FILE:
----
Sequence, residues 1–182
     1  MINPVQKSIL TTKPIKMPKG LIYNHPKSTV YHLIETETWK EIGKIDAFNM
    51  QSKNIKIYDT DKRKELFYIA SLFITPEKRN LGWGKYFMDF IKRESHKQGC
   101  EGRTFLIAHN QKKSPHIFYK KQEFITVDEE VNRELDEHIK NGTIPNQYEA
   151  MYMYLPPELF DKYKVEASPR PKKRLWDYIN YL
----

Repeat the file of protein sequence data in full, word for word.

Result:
Sequence, residues 1–182
     1  MINPVQKSIL TTKPIKMPKG LIYNHPKSTV YHLIETETWK EIGKIDAFNM
    51  QSKNIKIYDT DKRKELFYIA SLFITPEKRN LGWGKYFMDF IKRESHKQGC
   101  EGRTFLIAHN QKKSPHIFYK KQEFITVDEE VNRELDEHIK NGTIPNQYEA
   151  MYMYLPPELF DKYKVEASPR PKKRLWDYIN YL